Experimenting with the size, speed and placement of case fans can lead to a setup with adequate cooling and low noise production that might not be expected. It is possible for some cases to be cooled well with a single 120mm exhaust fan while leaving the other various fan locations empty. The noise will obviously be less with fewer fans running and if the temperatures are acceptable there is no need to use all of the fans just because they are there.
3. Fan Controllers:
Fan controllers are available in numerous configurations, but they all serve the same function… to allow a fan to run at something other than full speed. Just reducing a fan's speed by 5-10% can have a noticeable impact on noise, but zero impact on cooling performance.
Some fan controllers operate automatically, using a thermal sensor to vary the speed of the fan in direct proportion to the temperature sensed. This type is convenient as it requires no user interaction but eliminates any possibility of custom control.
Manual speed controllers put all of the power in the user's hands, generally with a dial that adjusts the fan's speed by varying the resistance on the line powering it. The Cooler Master Cool Drive 4 is primarily a hard drive cooler, but it also serves the function of a four channel manual fan speed controller. From one digital control panel, up to four temperatures can be monitored, and the corresponding fans can be monitored and controlled to maintain a healthy balance between noise and temperature.
4. Power Supplies:
The typical computer power supply features two 80mm fans to keep it cool, which will obviously also generate some noise. Fanless power supplies are now available that generate zero noise, but none have found their way to the shelves at Geeks.com. These fanless power supplies don't follow the guidelines of typical design and there are other ways to quiet a power supply without removing the fans all together. The MGE Vigor 450W Power Supply incorporates two ideas already discussed in other sections in order to reduce noise from the power supply. It features a larger 120mm fan to move more air with less speed and a fan speed control knob to allow the user to reduce the speed even more, if they desire. Some other power supplies, such as this 500W unit from Clever Power, include a variable speed fan that automatically increases and decreases the spin of the fan depending on the system's power draw.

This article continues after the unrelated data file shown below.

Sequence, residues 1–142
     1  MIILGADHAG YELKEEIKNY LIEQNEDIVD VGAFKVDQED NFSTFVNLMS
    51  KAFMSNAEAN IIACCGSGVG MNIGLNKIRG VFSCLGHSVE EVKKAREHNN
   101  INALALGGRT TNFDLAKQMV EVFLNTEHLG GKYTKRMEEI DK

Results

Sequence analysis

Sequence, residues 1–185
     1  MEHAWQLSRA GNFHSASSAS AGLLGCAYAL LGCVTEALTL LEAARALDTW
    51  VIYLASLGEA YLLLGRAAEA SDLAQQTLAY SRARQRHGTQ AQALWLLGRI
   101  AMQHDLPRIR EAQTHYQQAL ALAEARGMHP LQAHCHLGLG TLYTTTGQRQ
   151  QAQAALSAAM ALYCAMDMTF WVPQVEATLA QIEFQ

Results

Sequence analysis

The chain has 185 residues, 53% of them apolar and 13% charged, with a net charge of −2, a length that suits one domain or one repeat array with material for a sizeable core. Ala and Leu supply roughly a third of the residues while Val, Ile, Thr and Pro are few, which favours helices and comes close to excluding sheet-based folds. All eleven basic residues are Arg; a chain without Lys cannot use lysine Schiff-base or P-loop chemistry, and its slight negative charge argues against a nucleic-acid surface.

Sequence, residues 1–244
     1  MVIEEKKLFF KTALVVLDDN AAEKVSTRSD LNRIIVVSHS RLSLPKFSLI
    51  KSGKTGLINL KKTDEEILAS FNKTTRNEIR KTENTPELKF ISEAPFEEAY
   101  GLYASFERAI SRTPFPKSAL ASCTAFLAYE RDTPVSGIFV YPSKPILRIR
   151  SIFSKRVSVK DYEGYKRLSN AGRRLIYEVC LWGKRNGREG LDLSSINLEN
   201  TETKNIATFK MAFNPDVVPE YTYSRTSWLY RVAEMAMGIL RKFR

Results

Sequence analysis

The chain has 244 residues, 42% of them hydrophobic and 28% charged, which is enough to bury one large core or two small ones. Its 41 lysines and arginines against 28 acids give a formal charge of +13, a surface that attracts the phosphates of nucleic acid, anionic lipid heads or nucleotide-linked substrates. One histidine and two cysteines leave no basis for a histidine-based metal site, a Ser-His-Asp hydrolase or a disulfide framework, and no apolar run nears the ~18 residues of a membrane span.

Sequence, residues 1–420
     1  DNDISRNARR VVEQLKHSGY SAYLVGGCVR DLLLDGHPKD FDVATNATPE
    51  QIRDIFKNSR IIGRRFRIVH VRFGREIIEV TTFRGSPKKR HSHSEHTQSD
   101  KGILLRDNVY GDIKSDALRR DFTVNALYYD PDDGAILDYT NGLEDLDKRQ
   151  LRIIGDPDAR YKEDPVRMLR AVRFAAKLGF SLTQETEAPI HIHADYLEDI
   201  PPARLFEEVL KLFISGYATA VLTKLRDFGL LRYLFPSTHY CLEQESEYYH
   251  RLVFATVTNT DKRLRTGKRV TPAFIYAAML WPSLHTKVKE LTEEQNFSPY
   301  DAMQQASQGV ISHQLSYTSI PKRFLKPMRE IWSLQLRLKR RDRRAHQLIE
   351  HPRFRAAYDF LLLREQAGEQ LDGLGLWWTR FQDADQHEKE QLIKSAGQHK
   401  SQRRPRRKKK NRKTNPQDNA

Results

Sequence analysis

5. Noise / Vibration Isolators:
Products are available to reduce the vibration caused by system components, as well as to insulate the case to keep the noise from escaping. Examples of some of these isolation products can be applied to many areas of a computer system and may drastically reduce the overall noise, no matter what components are installed. For the bottom of the computer case, rubber feet are available to replace the hard plastic ones generally found. Silicone gaskets can be installed between a power supply or case fan and the case to reduce the transmission of vibrations and the amplification of noise. If you want to keep the noise inside your case, there is even adhesive backed sound insulation that can be applied to the inside walls of a computer case.
The number of components and accessories available to quiet a computer is overwhelming and growing daily as people become fed up with the noise from their vacuum cleaner… I mean computer! Silencing a computer can be a costly endeavor, but taking a few relatively inexpensive steps can have a drastic impact on the noise produced by the common computer system. Before starting on any sound reduction upgrades, analyzing a system to pinpoint the areas in need of the most attention will help determine the best course of action and the best way to spend any money.